<span data-mce-type=”bookmark” style=”display: inline-block; width: 0px; overflow: hidden; line-height: 0;” class=”mce_SELRES_start”></span>Jan De Nul Group today released this video about the company’s major land reclamation project in Nigeria.In 2015, JDN started this land reclamation project for the Dangote Group. The African company wanted to build its own oil refinery and fertilizer plant in Lekki, 60 kilometers east of Lagos.For the project, JDN brought in two of its largest, world leading hopper dredgers. Working continuously from November 2015 to January 2017, JDN reclaimed around 2,400 hectares of new land.Just off the coast, at a depth of twenty to fifty meters, JDN dredged 55 million cubic meters of sand for this reclamation project.
Photo: NRL (Dragons centre Tim Lafai has re-signed with the Dragons for a further three seasons. Credit: Grant Trouville). Lafai will now remain at the Dragons at least until the end of the 2020 NRL Telstra Premiership season.The Samoan international joined the club last year and has played 29 NRL games for the Dragons to date.Scoring five tries so far in 2017, Lafai has reaped the rewards from a strong off-season.The 25-year-old was pleased to secure his family’s future at the Dragons beyond the current year. “I’m excited to spend the next three years at the Dragons,” Lafai said. “When you’re off-contract it’s always one of those things that sit in the back of your mind, so now I can just fully concentrate on doing my job for the Dragons.”It’s really great to be able to sort out my future and focus wholly on footy now.”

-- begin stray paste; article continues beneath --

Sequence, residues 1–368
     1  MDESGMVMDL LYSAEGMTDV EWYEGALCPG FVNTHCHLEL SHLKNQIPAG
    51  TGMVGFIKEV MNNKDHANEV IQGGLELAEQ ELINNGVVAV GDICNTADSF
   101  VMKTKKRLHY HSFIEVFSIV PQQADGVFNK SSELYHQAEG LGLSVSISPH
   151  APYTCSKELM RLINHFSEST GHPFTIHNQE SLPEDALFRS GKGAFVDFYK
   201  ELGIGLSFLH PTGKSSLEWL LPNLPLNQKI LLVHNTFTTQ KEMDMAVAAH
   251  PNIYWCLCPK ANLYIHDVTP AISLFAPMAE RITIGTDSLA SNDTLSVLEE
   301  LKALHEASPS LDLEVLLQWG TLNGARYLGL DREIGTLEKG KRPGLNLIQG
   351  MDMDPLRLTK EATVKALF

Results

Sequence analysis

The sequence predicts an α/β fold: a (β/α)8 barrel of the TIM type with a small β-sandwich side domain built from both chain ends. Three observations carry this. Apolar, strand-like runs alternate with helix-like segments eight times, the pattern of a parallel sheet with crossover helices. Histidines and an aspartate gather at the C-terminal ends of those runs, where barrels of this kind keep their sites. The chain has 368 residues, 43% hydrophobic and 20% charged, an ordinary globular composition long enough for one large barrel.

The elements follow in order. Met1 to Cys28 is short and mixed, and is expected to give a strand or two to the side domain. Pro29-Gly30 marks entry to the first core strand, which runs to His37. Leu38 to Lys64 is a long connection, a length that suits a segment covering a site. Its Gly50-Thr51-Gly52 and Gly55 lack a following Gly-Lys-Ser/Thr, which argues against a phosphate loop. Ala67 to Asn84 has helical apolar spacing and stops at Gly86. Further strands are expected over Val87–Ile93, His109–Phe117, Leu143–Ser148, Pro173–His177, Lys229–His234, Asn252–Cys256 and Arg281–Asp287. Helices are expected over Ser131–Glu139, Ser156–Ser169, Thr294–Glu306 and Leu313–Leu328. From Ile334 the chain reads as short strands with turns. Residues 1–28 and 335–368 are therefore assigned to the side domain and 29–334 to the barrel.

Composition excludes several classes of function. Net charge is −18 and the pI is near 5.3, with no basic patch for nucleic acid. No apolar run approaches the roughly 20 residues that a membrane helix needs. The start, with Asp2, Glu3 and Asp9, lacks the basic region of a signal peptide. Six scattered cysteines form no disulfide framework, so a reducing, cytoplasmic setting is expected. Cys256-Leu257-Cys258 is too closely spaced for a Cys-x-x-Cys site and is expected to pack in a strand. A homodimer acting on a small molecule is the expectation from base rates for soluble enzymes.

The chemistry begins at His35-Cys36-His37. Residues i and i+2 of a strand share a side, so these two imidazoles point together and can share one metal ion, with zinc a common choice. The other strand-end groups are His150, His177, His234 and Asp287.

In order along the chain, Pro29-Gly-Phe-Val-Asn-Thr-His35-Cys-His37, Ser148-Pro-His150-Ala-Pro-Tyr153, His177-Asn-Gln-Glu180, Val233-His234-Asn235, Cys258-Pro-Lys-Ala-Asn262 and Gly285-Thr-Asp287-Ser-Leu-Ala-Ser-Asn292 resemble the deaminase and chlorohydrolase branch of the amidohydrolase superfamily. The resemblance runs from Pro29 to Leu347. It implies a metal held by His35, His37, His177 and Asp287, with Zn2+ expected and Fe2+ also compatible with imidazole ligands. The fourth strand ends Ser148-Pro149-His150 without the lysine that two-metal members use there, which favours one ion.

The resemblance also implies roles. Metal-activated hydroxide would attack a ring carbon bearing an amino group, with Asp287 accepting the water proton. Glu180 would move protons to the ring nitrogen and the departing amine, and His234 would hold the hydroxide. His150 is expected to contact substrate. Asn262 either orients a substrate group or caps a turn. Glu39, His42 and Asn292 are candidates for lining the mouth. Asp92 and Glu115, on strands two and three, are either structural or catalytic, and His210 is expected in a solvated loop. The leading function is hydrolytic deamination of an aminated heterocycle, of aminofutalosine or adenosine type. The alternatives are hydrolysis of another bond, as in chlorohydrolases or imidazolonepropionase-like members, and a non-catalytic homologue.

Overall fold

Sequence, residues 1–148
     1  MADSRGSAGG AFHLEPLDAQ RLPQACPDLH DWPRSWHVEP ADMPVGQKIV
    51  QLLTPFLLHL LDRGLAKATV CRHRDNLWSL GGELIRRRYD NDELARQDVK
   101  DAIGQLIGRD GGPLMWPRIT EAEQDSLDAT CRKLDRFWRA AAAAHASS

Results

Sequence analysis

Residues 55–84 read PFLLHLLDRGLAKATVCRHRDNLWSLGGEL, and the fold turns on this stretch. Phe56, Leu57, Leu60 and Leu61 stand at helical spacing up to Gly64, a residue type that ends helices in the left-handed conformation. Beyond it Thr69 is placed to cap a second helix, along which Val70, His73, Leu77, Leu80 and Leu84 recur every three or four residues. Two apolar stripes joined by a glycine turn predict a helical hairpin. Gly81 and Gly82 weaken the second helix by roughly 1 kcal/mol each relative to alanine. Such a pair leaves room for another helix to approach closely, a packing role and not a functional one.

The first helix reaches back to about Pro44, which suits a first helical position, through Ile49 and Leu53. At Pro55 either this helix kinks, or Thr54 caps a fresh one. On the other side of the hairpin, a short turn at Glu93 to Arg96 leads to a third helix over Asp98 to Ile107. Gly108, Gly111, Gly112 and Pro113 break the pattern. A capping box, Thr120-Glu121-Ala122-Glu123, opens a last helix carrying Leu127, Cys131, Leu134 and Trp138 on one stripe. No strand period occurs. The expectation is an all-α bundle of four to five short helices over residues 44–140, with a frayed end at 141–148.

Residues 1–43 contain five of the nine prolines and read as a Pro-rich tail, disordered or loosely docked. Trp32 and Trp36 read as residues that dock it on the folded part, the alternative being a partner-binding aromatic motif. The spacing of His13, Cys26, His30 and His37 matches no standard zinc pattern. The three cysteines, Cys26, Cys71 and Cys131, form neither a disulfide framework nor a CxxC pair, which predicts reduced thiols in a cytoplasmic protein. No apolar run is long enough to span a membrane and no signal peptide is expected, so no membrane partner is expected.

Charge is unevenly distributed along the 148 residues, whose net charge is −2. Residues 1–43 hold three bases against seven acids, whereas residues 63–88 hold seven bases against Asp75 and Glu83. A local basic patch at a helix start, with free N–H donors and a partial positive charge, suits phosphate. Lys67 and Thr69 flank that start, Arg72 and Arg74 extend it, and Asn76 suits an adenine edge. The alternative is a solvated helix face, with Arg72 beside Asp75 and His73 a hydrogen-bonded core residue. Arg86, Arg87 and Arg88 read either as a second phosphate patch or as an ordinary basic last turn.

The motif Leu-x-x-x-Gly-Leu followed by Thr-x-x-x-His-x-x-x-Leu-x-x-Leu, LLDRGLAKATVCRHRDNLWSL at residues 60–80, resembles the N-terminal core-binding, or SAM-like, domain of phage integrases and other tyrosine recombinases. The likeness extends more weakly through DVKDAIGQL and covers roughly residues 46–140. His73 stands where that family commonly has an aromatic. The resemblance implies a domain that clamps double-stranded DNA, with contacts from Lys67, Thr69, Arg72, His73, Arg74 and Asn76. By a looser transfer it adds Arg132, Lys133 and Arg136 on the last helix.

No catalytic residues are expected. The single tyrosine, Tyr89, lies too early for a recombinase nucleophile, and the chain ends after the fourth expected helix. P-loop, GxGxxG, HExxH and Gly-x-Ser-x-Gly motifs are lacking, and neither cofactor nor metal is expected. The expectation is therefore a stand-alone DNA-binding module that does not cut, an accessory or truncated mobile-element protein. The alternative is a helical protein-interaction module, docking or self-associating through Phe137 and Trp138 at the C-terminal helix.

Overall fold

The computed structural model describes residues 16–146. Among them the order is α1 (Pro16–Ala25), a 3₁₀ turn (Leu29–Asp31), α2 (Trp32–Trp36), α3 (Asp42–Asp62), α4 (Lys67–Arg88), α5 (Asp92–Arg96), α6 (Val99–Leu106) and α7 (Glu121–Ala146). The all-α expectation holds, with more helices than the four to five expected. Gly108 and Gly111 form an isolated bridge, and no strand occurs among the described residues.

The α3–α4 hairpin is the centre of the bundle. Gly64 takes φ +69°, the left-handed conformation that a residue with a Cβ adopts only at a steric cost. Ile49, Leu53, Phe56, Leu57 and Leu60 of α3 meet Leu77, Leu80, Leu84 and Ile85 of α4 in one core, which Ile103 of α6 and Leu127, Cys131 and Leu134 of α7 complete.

With interventions from the regional administration; the Guyana Geology and Mines Commission (GGMC) and the Guyana Police Force (GPF) proving to be ineffective, Guyana Water Inc (GWI) Managing Director, Dr Richard Van West-Charles is now calling on residents in Region Eight (Potaro-Siparuni) to get involved in protecting the company’s infrastructure that ensured a stable water supply.Speaking at an emergency press conference on Wednesday, Dr Van West-Charles told media operatives that while GWI would have already engaged the relevant agencies on the matter, the harmful activities have escalated thus negatively impacting the distribution system in Mahdia.“This is now specifically in the Waterdog area in Mahdia … these are wilful breaks to have the water wash down for these illegal miners. A lot of these activities occur between midnight and the wee hours of the morning. We’re seeking to collaborate with the regional administration, GGMC and the Police, but it’s really getting out of control and we now need the community to be involved in helping to stem this type of illegal activity so that the system can be sustainable and restored to serve the population,” Van West-Charles posited.According to the GWI Head, to rectify the damage a cost of approximately $2 million must be incurred, an expense which was not in the budget.“So, it’s something [for] which we need community involvement and all hands on deck, because it’s a continuing activity where you see these breakages. We’ve had to send crew in from Georgetown to assist in dealing with the leaks; these are wilful leaks introduced across the distribution system to access water for the illegal mining activities. At one time, we had over 100 leaks and we sent two crews in from Shelter Belt to correct it…,” the Managing Director noted.With only one transmission line serving the town of Mahdia, Dr Van West-Charles went on to note that if this pipeline was damaged, it would affect water services to the area; hence the need to immediately arrest these illegal activities.Further, he mentioned that another negative impact of illegal mining related to the type of chemicals used that could potentially cause harm to residents utilising water from the breached transmission system.In fact, he posited that only recently, “elevated levels of mercury” were found in one of the main sources of water for residents in Port Kaituma, Region One.On the other hand, GWI Planning and Implementation Director Ramchand Jailall also spoke about the effects the chemicals used by illegal miners can have on the quality of water that is transmitted to residents in the Mahdia area.“We need to work with the communities because we don’t know what chemicals these miners are using and if those chemicals get into the pipes, it could get to the communities and these same miners will have families residing in Mahdia and they won’t want chemicals, which are dangerous to your health,, get into the lines and then get to your family members or friends or your loved ones so that is one of the risks that is facing us right now,” Jailall highlighted.According to the Planning and Implementation Director, the illegal miners usually use chisels and hammers to puncture the pipelines and while these might be small holes at first, the water pressure running through these lines would expand the breakages and cause more severe damage. Moreover, Jailall noted that GWI’s equipment was specialised to fix leakages and when there were enlarged breaches, then they were forced to remove and replace that entire piece of pipe, disrupting water transmission to communities.Meanwhile, Dr Van West-Charles lamented that investing in more resources was not just feasible when the illegal activities continued and more damage was done to GWI infrastructure. To this end, he posited that the water company may need to adopt more “high tech” options such as the use of drones to monitor its infrastructure. On this note too, he urged the relevant authorities such as GGMC and the Police Force to also invest in such resources that would enhance their efforts to arrest not just illegal mining but other illicit activities throughout the hinterland region.In addition to enhanced surveillance, the GWI Head suggested that those authorities can also look at increasing the sanctions as a deterrent against illegal mining.